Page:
Indonesia has allowed nine companies to resume nickel ore exports after inspections into reports of ore export rules violations, Reuters reports. Among the companies allowed to export ore again are state-controlled miner PT Aneka Tambang and PT Trimegah Bangun Persada, according to an official document reviewed by Reuters and verified by a mining ministry official on Monday.
Indonesia, the world’s biggest nickel ore exporter, had halted shipments on 28 October, 2019 following reports that showed a surge in exports after the country brought forward a ban on exports by two years to January. The export surge reportedly included large sales of high-grade nickel ore though Indonesia only allows exports of ore with less than 1.7% nickel content.
To export nickel ore, Indonesian miners are required to build smelters and authorities would review progress of their projects every six months.
The nine companies have shown that their smelter projects were progressing as planned, have valid exports approval documents and their ores met with required contents. Indonesian authorities were reviewing a total of 11 companies.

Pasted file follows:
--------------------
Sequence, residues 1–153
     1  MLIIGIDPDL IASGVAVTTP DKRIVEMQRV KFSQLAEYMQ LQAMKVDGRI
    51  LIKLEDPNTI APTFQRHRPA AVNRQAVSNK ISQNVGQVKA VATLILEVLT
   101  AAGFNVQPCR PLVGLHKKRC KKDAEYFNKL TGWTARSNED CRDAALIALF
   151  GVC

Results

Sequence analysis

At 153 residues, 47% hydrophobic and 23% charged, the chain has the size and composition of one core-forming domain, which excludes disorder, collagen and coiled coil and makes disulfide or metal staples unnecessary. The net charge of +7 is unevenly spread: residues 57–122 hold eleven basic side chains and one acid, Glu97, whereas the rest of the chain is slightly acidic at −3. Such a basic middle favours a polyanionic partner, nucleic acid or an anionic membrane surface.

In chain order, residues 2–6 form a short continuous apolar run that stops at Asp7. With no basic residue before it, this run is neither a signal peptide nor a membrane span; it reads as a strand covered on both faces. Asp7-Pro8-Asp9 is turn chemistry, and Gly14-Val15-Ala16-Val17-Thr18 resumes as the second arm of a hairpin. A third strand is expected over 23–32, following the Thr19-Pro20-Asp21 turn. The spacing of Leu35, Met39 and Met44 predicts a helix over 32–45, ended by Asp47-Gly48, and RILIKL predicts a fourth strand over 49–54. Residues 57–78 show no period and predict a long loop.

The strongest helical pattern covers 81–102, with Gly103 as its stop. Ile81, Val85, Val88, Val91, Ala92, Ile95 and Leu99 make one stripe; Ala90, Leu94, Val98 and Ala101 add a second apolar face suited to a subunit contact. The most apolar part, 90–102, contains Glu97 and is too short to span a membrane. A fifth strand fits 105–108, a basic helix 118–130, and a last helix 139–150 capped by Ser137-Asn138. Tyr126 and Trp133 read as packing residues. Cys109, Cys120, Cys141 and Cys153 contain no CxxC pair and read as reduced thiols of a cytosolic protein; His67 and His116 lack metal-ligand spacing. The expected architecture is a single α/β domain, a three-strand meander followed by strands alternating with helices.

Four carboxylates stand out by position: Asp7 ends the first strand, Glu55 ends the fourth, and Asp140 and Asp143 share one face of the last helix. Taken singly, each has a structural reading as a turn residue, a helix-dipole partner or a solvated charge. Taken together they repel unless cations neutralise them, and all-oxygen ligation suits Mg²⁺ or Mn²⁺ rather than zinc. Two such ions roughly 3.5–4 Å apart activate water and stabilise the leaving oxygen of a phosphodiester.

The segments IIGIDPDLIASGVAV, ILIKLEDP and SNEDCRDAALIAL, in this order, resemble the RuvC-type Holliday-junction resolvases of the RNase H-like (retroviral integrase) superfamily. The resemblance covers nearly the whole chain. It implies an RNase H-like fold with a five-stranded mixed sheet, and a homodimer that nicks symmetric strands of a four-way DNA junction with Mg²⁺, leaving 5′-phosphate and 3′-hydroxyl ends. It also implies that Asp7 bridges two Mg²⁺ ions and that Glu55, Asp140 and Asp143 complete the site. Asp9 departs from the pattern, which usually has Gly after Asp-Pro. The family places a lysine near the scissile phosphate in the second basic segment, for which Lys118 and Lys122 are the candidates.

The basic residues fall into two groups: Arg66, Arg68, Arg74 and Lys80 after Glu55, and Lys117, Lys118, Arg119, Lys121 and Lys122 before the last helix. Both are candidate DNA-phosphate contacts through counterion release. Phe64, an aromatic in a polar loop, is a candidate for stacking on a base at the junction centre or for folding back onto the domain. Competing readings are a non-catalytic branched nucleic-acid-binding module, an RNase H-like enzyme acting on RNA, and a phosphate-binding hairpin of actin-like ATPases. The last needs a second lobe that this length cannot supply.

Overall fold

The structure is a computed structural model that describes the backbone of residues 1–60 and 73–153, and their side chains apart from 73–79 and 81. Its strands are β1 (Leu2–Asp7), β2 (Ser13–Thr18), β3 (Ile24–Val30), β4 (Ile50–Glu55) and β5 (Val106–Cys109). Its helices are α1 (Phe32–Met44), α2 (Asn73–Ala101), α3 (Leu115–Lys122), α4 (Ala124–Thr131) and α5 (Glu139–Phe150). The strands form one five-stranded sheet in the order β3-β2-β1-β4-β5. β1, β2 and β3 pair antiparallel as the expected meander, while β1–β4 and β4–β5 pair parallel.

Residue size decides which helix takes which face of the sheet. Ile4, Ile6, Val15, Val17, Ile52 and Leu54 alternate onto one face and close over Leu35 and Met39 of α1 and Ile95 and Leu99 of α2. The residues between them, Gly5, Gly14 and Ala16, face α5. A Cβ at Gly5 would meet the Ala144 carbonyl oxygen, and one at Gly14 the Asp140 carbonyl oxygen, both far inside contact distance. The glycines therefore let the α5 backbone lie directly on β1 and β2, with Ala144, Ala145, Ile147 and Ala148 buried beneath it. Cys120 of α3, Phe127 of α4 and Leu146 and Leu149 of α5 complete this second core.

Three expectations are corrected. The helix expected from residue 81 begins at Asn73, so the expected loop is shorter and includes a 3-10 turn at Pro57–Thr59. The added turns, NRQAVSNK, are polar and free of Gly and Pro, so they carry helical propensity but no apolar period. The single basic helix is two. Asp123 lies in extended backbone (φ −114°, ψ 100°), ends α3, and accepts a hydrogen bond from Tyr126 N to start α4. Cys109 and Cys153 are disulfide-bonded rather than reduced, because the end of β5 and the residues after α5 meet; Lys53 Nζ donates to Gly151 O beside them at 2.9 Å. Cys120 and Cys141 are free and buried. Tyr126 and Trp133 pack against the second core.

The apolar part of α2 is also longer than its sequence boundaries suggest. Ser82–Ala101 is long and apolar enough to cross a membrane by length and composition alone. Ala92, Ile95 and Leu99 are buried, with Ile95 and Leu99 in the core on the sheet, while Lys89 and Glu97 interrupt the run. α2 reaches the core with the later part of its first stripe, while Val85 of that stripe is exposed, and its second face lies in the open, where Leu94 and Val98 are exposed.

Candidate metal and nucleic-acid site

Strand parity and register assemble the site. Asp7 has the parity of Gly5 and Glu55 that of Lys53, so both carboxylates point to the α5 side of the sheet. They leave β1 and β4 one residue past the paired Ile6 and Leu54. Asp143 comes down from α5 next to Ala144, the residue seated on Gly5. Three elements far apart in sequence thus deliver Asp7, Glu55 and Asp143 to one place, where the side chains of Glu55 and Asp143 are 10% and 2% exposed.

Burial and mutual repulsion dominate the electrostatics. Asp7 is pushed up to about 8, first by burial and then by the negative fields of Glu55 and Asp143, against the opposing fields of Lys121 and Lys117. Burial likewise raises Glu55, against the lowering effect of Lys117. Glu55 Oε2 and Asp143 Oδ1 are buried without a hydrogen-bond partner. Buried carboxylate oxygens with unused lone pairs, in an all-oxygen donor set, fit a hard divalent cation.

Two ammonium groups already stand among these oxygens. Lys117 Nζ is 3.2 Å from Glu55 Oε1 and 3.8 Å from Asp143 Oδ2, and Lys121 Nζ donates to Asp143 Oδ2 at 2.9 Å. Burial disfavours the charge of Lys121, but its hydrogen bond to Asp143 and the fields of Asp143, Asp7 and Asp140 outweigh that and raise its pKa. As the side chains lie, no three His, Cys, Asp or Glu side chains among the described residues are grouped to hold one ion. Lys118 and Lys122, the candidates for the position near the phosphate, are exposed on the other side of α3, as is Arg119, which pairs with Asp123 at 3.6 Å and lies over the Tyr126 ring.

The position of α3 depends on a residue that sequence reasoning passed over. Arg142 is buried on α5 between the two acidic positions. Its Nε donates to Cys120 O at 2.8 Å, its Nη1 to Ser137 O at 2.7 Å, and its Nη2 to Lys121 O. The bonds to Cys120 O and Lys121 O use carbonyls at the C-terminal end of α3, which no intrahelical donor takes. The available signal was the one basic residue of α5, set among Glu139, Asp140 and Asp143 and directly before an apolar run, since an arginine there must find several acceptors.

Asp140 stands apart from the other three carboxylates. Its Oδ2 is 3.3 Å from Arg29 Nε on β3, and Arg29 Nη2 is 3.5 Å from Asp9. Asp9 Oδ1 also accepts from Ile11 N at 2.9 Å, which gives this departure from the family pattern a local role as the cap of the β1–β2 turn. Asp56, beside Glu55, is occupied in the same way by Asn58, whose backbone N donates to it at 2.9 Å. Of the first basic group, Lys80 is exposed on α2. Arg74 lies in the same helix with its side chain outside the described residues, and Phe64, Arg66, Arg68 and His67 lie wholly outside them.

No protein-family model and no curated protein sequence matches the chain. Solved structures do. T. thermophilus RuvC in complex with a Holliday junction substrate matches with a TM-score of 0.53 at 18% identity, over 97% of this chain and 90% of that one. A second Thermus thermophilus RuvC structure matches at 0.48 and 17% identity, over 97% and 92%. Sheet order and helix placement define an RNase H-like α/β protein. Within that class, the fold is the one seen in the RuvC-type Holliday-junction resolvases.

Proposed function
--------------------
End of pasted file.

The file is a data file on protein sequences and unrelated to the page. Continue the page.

At least 20 vessels were held at ports after the government restricted the nickel ore exports.
Meanwhile the country is awaiting environment clearance for its factories to produce battery-grade nickel. investment plans for plants producing chemicals from nickel laterite worth $3.2 billion has already been committed.
Indonesia wants to become a global hub for producing and exporting electric vehicles (EVs) to Asia and beyond, starting by processing its rich supplies of nickel ore into battery chemicals before it starts building EVs.
The country will stop exporting nickel ore from January 2020, two years earlier than originally planned, in order to handle processing at home.
The government is also set to issue a new rule to allow the import of used lithium battery components to be recycled into a new batteries in Indonesia.